Russia reinforced security at its Black Sea Naval Fleet facilities in Crimea Friday after Ukrainian personnel had taken control over a key navigation station that had been under Russian control for a decade, Ukrainian journal informed.

The development underscores a new wave of confrontation between Russia and Ukraine just two weeks after a natural gas war between the two had led to massive gas supply cutoffs in Europe.

Nine employees of Ukraine’s state hydrography company entered the territory of the Yalta Lighthouse Friday morning and took full control of the facility, the Black Sea Fleet reported. An officer running the lighthouse for the BSF has been denied access to the facility.

The lighthouse provides key navigation services to the Russian naval fleet in that area of the Black Sea, while also renders similar services to hundreds of civilian ships.

Russia’s Black Sea Fleet issued an angry statement on Friday accusing Ukraine of attempts to destabilize the situation and warned that safety of maritime transportation had been at risk.

“These actions may create preconditions for accidents and may break the entire system of maritime safety,” Igor Dygalo, a spokesman for the Russian Naval Forces, said.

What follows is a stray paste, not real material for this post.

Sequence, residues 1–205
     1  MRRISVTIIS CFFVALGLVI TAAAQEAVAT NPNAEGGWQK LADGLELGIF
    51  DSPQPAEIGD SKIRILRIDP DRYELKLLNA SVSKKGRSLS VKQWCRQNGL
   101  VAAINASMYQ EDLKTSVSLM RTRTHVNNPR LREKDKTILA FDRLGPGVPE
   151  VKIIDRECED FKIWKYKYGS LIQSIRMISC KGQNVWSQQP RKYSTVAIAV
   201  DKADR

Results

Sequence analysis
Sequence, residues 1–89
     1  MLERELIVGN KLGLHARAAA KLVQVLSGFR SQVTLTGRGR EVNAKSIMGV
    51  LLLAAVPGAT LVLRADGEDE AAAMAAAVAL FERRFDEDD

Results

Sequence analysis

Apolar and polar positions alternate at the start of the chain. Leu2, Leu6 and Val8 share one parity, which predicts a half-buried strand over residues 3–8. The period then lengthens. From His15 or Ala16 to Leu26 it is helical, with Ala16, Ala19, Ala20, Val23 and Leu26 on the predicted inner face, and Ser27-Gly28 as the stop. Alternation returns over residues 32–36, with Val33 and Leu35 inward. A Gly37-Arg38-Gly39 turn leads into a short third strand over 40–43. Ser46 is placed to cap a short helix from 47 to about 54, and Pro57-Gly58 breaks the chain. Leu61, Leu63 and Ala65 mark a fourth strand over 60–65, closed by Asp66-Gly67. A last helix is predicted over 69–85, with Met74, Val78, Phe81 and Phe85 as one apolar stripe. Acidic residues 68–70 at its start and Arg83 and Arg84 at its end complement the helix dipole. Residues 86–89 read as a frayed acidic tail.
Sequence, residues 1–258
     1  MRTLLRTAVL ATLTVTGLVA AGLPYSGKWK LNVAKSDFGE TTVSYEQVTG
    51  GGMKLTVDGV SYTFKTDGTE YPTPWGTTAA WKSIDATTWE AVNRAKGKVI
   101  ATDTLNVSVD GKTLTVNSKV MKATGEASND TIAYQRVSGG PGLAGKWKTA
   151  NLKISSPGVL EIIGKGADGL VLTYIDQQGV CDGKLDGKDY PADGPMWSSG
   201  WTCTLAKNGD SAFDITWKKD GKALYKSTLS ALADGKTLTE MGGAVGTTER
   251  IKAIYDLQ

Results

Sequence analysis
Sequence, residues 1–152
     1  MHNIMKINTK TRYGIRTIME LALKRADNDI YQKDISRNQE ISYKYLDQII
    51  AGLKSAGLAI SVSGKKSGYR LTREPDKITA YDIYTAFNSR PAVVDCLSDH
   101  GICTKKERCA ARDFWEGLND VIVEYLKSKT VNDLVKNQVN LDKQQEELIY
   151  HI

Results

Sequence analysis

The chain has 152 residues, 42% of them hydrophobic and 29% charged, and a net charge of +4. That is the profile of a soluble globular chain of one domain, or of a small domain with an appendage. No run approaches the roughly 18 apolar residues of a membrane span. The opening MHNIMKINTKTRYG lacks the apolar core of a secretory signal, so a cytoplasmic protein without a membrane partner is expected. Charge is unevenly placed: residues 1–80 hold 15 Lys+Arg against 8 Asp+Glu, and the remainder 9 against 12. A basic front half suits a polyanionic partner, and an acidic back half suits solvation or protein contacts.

The Russian forces stepped up security at dozens of similar facilities scattered throughout Crimea and had apparently prevented an unauthorized access by a group of civilians at a similar station in Sarych.

Foreign Minister Boris Tarasiuk on Saturday confirmed that Ukraine has taken over the Yalta Lighthouse, adding that Russia had been holding it illegally for almost a decade.

“If it’s yours, you can’t seize it. You can only regain it,” Tarasiuk said in an interview with Interfax-Ukraine. “Russia has been illegally holding control over all navigation facilities.”

The emerging dispute highlights a sensitive issue of stationing of the Russian Black Sea Fleet on the Ukrainian territory in Crimea that had been arranged by a 20-year agreement signed late 1996.

Russia agreed to pay Ukraine $98 mln annually for stationing more than 300 naval ships in Sevastopol and other Crimean bases, but also to rent some other facilities, according to the agreement.

The BSF has been apparently controlling 35 navigation stations out of 100 that had been located throughout Crimea, according to the Ukrainian Foreign Ministry. Ukraine said the stations were not included into the agreement and had been held by the Russians illegally.


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